List of the things the story ‘must contain’ at:
Genevieve drove to the mall grinning, like she always did when she was carrying the Polaroid. She and Henry had some nice people take a full roll of pictures of them at the food court. He was always sitting; sometimes she had her arm around him, sometimes kissing his cheek. Today she was alone. She saw the prank on Facebook … she’d get lunch, talk to an empty chair, and then ask a nice stranger to take their picture. And, out pops one of the already-taken pics of them! The looks on their faces never got old for her. She always packed them in the very same order, too, so that she’d always pose correctly.
She struggled a bit getting her walker-type thing out of the trunk. It had wheels and a seat to sit; she knew it had a name, but couldn’t be bothered to remember it. A lot of her friends refused to get mobility devices, not wanting to “look old”. Gennie told them she’d rather be out having fun! She didn’t find the mall kids too noisy or annoying. She’d been one of them, once. Henry had been quite the hell-raiser! She’d never let on to her mother, but that’s one of the things that attracted her to him. So wild, smoking and everything. Who knew he’d grow up to be a police officer? Well, it sort of makes sense – he would know what all the tricks are, wouldn’t he?
It’s too bad he couldn’t be here today. The lady on Facebook had had her partner-in-crime record it from a few tables over. They’d done so the first time, which was fun, but weren’t able to after that. Oh well, what are you going to do? You go out and do what you like anyway, right?
She sat down with her sandwich cut in half and two cups of coffee. That nice James was behind the counter today, the one who was in class with her granddaughter. Emily said that they didn’t “hang out”, so he wasn’t in her social circle. Too bad, James is very sweet, and cute, too. She wouldn’t meddle, though! Girls in high school don’t need matchmakers, they’ve still got plenty of time. Gennie never regretted marrying Henry, but she did think they should have traveled first, before settling down and starting a family. She sighed; then sat.
She picked up her half of the sandwich and started talking. This part was fun for her, too. When she was imagining Henry’s half of the conversation in her head, he always said the perfect thing! This thought made her laugh out loud. She wasn’t embarrassed, though. Henry’s always been able to make her laugh.
“That sounds like the perfect time for a picture!” she thought.
She turned to the young woman who’d been sitting a few tables over, trying not to stare, but also looking like she felt sorry for the lonely old lady. Gennie liked that the girl didn’t just record her to laugh at with her friends. She wanted to give her a REAL story to post! She took out her camera.
“Excuse me?” Gennie asked her as she stood. “I hate to bother you, but would you mind taking a picture of me & my husband?” She smiled as the young woman, looking puzzled, went through her internal debate about getting involved with crazy people. She decided, as most people did, that Gennie looked harmless enough, and that taking the picture would make the crazy lady happy, so why not?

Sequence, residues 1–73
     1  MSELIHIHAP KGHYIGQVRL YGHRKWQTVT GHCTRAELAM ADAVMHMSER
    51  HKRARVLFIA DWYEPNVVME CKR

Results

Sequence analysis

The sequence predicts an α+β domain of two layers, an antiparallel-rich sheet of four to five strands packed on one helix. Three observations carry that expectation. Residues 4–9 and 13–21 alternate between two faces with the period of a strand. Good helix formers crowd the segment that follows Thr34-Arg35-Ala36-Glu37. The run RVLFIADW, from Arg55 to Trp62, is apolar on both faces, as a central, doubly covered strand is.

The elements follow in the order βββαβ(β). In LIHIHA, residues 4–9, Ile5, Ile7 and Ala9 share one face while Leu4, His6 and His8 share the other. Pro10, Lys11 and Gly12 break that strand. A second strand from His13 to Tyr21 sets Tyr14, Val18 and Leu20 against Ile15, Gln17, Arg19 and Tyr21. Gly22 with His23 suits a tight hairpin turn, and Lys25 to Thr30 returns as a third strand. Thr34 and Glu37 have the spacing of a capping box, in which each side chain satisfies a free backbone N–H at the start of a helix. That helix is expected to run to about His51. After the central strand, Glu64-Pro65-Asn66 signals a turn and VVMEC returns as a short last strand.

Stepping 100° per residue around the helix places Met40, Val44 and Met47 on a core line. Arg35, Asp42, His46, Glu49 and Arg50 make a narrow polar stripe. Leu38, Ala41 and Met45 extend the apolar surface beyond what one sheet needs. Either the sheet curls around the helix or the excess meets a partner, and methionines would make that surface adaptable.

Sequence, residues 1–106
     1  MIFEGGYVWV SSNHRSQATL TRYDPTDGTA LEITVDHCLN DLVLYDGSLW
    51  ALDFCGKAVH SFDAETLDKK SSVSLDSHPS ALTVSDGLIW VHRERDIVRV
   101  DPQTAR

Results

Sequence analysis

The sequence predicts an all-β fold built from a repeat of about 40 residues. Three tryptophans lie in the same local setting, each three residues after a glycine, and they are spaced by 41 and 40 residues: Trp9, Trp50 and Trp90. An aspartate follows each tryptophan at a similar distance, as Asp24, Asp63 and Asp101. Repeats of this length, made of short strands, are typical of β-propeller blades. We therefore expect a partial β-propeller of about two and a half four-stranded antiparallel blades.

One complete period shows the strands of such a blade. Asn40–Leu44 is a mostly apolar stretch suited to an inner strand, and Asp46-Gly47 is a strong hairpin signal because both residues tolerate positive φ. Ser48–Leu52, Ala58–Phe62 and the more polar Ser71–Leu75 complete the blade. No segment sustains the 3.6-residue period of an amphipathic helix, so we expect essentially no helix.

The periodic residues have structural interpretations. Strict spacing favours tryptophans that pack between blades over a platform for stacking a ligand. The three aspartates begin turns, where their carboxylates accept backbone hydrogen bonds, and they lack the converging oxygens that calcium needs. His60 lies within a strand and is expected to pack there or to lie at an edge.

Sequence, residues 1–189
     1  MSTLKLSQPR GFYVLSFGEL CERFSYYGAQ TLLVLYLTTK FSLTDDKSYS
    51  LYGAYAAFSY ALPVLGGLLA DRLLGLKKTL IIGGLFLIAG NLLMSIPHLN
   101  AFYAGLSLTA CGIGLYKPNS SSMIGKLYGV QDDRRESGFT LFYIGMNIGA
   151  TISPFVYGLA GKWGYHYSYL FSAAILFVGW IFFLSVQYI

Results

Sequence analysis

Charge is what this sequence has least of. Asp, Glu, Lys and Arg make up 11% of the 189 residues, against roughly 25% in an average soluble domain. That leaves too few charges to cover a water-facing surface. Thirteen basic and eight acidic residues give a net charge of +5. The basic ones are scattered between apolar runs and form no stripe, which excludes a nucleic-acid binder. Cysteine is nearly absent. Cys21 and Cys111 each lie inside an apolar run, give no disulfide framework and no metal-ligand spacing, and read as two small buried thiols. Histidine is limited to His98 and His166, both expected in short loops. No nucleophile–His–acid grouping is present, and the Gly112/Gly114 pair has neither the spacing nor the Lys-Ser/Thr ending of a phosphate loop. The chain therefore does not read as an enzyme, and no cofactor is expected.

Gennie handed the camera over, stood next to the empty chair, trying not to grin too big. She put her arm around where Henry’s shoulders would be if he were really there. It didn’t need to be exact, but she felt that it was – she’d done it it real life so often, she knew right where he’d come to. CLICK. Oh, she could barely keep a straight face!
She went to stand next to the young woman as the picture popped out. Even though the look of amazement and disbelief on the pranked person’s face was so very similar, but each time seemed remarkably fresh, too. Gennie was sure that if she let the startlement & amazement wear off, the people would figure out the “how” of the prank themselves, but she also delighted in the ‘reveal’. She laughed as she explained about pre-taking the photos, and the woman laughed along with her, telling her it was “a good one”.
As the woman walked away and Gennie sat back down, one of the employees of the pizza counter gave her a thumbs-up. Another young woman, one who used to be a little girl that Gennie had baby-sat.
After giving Gennie a thumbs-up the woman at the pizza counter turned away quickly so that Gennie wouldn’t see the sad look on her face. She refilled an already almost full napkin dispenser while she spoke to another of the employees. “How’s her hubby? Is he still hanging on?”
The other pizza employee, Luke, had parents that were friends with Genevieve and Henry. “Yes. Still in his coma. She doesn’t visit anymore … the visits started getting fewer & fewer a couple of years ago, and stopped completely last fall. I keep trying to get Mom & Dad to drop by her house, check out her living situation; you know, see if she’s doing ok. See if she could use some help. They don’t want to drop by uninvited, it would be rude. You know old people, they don’t want to interfere. I may stop by myself one day; bring one of Mom’s pies or something.”
“Do you think she talks to him when she’s at home, too?”
Luke looked out to where Gennie was eating her half of her sandwich. “I try not to think of it at all.”